Wynn Bullock was one of the most significant photographers of the mid-twentieth century. A close friend of influential West Coast artists Ansel Adams and Edward Weston and a contemporary of Minor White and Frederick Sommer, Bullock created work marked by a distinct interest in experimentation, abstraction, and philosophical exploration. Bullock’s photography received early recognition in 1941, when the Los Angeles County Museum of Art staged his first solo exhibition. His mature work appeared in one-man shows at the Bibliothèque nationale de France, Paris; the Royal Photographic Society, London; the Metropolitan Museum of Art, New York; and the Art Institute of Chicago, among other prestigious venues. Bullock’s pictures Let There Be Light and Child in Forest have become icons in the history of photography, following their prominent inclusion in Edward Steichen’s landmark 1955 exhibition at the Museum of Modern Art, The Family of Man.
Wynn Bullock: Revelations offers the most comprehensive assessment of the photographer’s extraordinary career in nearly forty years. Produced by the High Museum of Art in partnership with the Center for Creative Photography to accompany a traveling exhibition, this retrospective traces Bullock’s evolution from his early experimental work of the 1940s, through the mysterious black-and-white imagery of the 1950s and the color light abstractions of the 1960s, to his late metaphysical photographs of the 1970s. The book presents 110 images, including some from the Bullock estate that have never been published before. An essay by the High’s Curator of Photography Brett Abbott explores the nuances of Bullock’s approach to photography and its fascinating relationship to the history of science and philosophy. The volume also includes an illustrated chronology, a bibliography, selected collections, an exhibitions history, a plates list, and notes.
Despite early acclaim, the true breadth and depth of Bullock’s career have remained largely in the shadows. Wynn Bullock: Revelations shines new light on this major photographer.
Foreword by Michael E. Shapiro and Katharine Martinez
Wynn Bullock: Revelations
Barbara Bullock-Wilson and Maria Kelly
Selected Exhibition History
A specialist in twentieth-century American photography, Abbott is Keough Family Curator of Photography and Head of Collections at the High Museum of Art. He previously worked at the J. Paul Getty Museum, where his exhibitions and companion publications Engaged Observers: Documentary Photography since the Sixties and Edward Weston: Enduring Vision both received the Lucie Award for Curator/Exhibition of the Year.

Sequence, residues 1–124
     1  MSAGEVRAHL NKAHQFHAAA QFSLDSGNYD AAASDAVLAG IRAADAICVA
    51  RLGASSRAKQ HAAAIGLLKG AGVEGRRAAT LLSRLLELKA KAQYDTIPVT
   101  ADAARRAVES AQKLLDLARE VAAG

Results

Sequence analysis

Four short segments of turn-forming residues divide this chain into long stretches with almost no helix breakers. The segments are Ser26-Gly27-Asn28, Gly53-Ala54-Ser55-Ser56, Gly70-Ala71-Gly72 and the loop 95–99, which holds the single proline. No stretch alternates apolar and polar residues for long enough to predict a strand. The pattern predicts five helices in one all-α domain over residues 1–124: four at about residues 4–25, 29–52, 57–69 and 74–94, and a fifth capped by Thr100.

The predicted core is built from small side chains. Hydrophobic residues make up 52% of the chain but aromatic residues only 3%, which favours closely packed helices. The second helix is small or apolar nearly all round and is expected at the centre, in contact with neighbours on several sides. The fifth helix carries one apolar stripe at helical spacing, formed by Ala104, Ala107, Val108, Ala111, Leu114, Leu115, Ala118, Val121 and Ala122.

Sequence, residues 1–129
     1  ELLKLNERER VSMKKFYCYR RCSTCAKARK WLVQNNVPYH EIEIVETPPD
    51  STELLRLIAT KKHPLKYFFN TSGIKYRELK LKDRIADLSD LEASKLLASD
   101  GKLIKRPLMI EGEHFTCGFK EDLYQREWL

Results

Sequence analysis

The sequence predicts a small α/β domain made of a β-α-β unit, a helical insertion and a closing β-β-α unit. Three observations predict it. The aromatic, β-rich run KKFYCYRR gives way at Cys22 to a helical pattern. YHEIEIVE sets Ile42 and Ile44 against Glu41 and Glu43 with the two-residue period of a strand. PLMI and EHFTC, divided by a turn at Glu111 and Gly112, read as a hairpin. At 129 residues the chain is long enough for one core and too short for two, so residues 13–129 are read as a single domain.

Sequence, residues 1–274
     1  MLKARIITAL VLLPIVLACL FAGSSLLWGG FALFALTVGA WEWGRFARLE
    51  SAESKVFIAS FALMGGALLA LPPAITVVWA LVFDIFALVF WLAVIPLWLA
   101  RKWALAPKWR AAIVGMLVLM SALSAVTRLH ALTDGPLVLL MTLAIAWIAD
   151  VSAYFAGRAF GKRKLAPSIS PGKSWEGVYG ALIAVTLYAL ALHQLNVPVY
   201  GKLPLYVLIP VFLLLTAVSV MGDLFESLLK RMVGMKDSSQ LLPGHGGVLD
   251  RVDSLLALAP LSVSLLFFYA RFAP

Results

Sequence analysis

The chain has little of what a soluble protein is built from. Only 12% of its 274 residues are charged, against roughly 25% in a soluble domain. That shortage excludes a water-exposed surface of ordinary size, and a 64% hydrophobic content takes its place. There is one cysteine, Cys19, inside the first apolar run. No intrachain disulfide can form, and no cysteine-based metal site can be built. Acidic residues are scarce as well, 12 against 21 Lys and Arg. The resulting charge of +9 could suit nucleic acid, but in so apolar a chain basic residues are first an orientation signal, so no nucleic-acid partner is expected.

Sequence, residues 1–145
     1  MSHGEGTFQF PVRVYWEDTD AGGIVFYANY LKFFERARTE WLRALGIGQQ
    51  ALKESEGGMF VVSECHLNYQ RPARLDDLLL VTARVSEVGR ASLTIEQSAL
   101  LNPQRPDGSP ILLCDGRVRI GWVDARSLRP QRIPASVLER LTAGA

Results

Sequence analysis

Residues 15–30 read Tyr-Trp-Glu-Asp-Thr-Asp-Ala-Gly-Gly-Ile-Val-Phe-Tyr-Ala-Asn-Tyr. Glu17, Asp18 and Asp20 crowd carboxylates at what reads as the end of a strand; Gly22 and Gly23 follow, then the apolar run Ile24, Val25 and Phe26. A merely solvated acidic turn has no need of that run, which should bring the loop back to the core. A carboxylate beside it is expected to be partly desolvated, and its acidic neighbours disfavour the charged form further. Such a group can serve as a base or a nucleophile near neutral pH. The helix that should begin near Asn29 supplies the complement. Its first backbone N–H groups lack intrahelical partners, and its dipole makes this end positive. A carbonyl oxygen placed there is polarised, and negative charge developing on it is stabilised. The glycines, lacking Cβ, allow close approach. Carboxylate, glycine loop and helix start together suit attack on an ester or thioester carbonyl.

Wynn Bullock: Revelations exhibit
The High will become the first major art museum in nearly 40 years to mount a retrospective of work by photographer Wynn Bullock (1902-1975). Read more about the exhibit here.
“…as evinced by this volume and its companion exhibition at Atlanta’s High Museum, he was a master of both abstraction and realism, a purveyor of forms in the natural world and the human realm whose beautifully composed images beckon a larger audience… Here his Kodachrome originals have been wondrously revived digitally, nearly 40 years after his death.”
"This is a profoundly beautiful collection of work. Though nothing compares to seeing the print in front of you, this book is the next best thing and allows you to have this unprecedented collection in your home."
"As a book object, this retrospective is dense with photographs, the writing clear, informative and footnoted and accompanied by an illustrated chronology. The interior photographs are beautifully printed as originally conceived without the mild cropping of the early books illustrating his work, with the photographic plates having generous white margins, captions; including dates of the work accompany each photograph. Recommended."
―The Photo Book
"Time spent with the images and Brett Abbott’s essay brings insight and understanding. Anyone interested in the history of American photography must add this book to their library....The book is a beautifully produced volume, representing the breadth of Bullock’s fascination with light and showcasing his remarkable ability to teach himself fine photographic techniques."
―American Society of Picture Professionals